But within SDOT, there is every indication that every part of the department that could be mobilized to move the repair of the West Seattle Bridge was mobilized. Even though the repair officially didn’t start until fall of 2021, work stabilizing the bridge and designing that repair has been ongoing since it closed. The City came close to meeting its mid-2022 goal for reopening the bridge, though facing a four-month concrete stoppage earlier this year that delayed work. And so there remains a gulf between the inside and outside perceptions of the agency, a gulf that is likely demoralizing and frustrating for a lot of public employees doing their best to promote SDOT’s vision and values.
Then-SDOT Director Sam Zimbabwe put Heather Marx in charge of the response to the West Seattle Bridge closure after being SDOT’s director of downtown mobility and getting SDOT through the closure of the Alaskan Way Viaduct. Early in the emergency, Marx explained the agency’s goal of raising West Seattleites’ transit usage from its 17% mark pre-pandemic to 25% in order to grapple with the lost capacity of the bridge. It doesn’t appear that goal was achieved as transit was slow to rebound citywide in the pandemic era, which was more prolonged than leaders hoped in 2020. But measures like making the Spokane Street low bridge transit and freight only did help maintain connectivity to the rest of the city, promoting transit use along the way. With the bridge open, SDOT removed the transit only lane restrictions and deactivated the cameras that enforced them.
At an event on the deck of the West Seattle bridge earlier this month, I asked Marx what she hopes the long-term legacy of the bridge closure will be.
“I hope that the long term legacy for folks is that they understand that there are more ways to get off the peninsula than in just your single-occupant car,” Marx said. “I also hope that by being transparent every step of the way, and keeping our promises within the bounds of possibility, that we build some trust with the community about SDOT’s ability to do big things.”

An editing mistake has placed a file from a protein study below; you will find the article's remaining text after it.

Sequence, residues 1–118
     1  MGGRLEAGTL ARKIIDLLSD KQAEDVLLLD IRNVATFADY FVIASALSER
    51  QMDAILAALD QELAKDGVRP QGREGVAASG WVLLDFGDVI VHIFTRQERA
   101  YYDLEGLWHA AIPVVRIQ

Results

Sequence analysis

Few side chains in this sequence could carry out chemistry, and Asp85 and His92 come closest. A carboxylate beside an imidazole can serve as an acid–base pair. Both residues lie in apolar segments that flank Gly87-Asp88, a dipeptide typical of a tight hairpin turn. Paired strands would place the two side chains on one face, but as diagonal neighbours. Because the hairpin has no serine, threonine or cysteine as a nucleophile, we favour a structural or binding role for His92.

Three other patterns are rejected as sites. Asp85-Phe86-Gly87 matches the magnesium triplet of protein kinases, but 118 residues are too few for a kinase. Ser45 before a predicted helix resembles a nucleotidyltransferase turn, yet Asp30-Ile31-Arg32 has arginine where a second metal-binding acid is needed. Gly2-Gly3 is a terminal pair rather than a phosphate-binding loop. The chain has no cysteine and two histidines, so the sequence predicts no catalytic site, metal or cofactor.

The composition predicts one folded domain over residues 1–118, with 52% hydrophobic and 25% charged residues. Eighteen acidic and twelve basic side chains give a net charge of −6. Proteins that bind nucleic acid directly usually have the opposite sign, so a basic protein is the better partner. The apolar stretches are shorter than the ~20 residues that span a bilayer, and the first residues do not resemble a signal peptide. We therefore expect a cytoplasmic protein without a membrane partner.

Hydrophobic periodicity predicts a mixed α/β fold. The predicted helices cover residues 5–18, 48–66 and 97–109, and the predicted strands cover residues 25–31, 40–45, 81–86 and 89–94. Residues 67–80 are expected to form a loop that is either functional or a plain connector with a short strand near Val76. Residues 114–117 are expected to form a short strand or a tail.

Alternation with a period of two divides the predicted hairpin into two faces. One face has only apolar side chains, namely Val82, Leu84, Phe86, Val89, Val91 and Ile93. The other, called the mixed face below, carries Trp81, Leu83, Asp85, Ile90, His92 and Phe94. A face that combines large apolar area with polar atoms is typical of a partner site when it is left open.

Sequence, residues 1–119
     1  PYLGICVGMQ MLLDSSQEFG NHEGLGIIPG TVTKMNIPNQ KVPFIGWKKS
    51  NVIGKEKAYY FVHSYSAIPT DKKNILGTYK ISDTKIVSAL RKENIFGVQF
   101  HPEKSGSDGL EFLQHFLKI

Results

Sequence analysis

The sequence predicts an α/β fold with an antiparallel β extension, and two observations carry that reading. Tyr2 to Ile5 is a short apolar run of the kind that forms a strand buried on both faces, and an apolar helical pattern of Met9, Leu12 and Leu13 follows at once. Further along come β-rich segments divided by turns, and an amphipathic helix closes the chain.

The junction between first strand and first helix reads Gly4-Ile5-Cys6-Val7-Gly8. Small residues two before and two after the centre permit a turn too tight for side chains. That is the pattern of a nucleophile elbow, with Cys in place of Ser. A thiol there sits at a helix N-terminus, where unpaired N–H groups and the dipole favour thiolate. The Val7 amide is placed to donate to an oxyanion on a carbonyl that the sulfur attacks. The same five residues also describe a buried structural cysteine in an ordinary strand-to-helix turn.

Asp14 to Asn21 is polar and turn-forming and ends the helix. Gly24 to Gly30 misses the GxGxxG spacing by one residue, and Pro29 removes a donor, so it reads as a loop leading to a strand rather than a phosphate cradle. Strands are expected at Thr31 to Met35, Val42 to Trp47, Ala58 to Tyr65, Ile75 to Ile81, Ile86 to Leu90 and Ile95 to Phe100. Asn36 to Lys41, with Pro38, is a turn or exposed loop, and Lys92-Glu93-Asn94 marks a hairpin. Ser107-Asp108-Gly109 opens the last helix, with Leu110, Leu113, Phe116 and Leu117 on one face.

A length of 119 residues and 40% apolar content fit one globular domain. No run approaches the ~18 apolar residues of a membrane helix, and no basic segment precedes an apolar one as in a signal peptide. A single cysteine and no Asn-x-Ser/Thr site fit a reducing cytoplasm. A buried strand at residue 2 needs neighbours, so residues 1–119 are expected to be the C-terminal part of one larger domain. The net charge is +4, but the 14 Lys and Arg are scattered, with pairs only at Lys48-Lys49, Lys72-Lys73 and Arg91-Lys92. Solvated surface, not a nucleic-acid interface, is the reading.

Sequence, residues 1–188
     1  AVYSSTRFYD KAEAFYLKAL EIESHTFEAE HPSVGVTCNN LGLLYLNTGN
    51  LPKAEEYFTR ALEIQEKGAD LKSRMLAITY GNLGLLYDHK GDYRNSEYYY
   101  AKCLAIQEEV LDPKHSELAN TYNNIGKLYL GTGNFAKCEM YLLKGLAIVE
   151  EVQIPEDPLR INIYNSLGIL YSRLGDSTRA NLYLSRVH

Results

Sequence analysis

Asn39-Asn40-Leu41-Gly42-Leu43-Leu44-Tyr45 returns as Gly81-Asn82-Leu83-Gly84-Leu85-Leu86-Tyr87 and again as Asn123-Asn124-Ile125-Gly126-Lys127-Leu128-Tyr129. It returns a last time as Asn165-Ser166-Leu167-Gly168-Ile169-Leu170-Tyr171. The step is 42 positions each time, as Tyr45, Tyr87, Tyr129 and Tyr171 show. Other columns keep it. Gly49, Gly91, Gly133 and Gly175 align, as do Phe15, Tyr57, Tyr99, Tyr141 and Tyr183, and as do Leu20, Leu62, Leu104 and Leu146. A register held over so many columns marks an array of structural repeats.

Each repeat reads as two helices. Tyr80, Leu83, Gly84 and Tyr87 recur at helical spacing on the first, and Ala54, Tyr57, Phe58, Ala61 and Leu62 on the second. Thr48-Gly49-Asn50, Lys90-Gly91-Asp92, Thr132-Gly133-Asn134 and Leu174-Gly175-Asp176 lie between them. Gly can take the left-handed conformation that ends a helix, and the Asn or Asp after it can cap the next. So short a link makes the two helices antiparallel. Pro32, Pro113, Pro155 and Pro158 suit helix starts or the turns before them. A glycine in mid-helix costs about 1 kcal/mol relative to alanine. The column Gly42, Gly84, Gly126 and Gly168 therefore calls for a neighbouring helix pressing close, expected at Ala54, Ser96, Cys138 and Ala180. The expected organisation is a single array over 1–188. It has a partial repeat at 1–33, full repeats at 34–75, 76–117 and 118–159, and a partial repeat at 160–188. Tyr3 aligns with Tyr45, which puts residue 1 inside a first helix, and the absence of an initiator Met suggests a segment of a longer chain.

The Move Seattle levy’s “reset” and the politicization of safe biking facilities on 35th Avenue NE in recent years have also not served to bolster the public’s confidence in SDOT, even as the blame for those events can be largely traced to forces outside the department entirely. Perhaps for a city department of transportation in charge of as many different projects and trying to please as many different constituencies as SDOT is, fully regaining the public’s trust just isn’t possible. If it could be done with any one thing, fixing a bridge might be it.
I also asked SDOT’s incoming director Greg Spotts, who hasn’t even been sworn into his job, about this gulf in public confidence.
“I’m sure that folks will find me that want to have that conversation, and… to the extent there’s lessons to be learned, and there must be some, from mobilizing to deal with a near-catastrophic event, and how the public sector — which moves very slow — can react, I’d love to figure out what lessons we can learn,” Spotts said.
The shadow of the West Seattle Bridge closure will surely loom over Spotts’ tenure and shape the department for years to come, in mostly invisible ways. The best we can hope for is that the virtues of SDOT’s response, and what was learned from it, will be enough to outweigh the setbacks.
Ryan Packer lives in the Summit Slope neighborhood of Capitol Hill and has been writing for the The Urbanist since 2015. They report on multimodal transportation issues, #VisionZero, preservation, and local politics. They believe in using Seattle's history to help attain the vibrant, diverse city that we all wish to inhabit. Ryan's writing has appeared in Capitol Hill Seattle Blog, Bike Portland, and Seattle Bike Blog, where they also did a four-month stint as temporary editor.